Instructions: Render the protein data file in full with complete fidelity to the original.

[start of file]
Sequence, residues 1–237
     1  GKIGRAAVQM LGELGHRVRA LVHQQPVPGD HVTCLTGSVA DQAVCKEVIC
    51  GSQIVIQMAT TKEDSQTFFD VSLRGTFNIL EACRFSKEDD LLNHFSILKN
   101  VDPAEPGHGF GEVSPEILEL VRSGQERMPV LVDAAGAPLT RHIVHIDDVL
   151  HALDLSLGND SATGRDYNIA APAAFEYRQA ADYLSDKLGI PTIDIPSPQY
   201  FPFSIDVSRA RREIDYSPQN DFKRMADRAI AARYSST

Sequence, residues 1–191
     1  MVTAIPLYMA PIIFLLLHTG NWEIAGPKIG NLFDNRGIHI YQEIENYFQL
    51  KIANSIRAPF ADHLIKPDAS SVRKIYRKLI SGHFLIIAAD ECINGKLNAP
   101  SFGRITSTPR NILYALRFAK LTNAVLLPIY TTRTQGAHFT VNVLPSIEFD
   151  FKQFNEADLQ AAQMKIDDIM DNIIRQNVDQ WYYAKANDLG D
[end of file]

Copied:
Sequence, residues 1–237
     1  GKIGRAAVQM LGELGHRVRA LVHQQPVPGD HVTCLTGSVA DQAVCKEVIC
    51  GSQIVIQMAT TKEDSQTFFD VSLRGTFNIL EACRFSKEDD LLNHFSILKN
   101  VDPAEPGHGF GEVSPEILEL VRSGQERMPV LVDAAGAPLT RHIVHIDDVL
   151  HALDLSLGND SATGRDYNIA APAAFEYRQA ADYLSDKLGI PTIDIPSPQY
   201  FPFSIDVSRA RREIDYSPQN DFKRMADRAI AARYSST

Sequence, residues 1–191
     1  MVTAIPLYMA PIIFLLLHTG NWEIAGPKIG NLFDNRGIHI YQEIENYFQL
    51  KIANSIRAPF ADHLIKPDAS SVRKIYRKLI SGHFLIIAAD ECINGKLNAP
   101  SFGRITSTPR NILYALRFAK LTNAVLLPIY TTRTQGAHFT VNVLPSIEFD
   151  FKQFNEADLQ AAQMKIDDIM DNIIRQNVDQ WYYAKANDLG D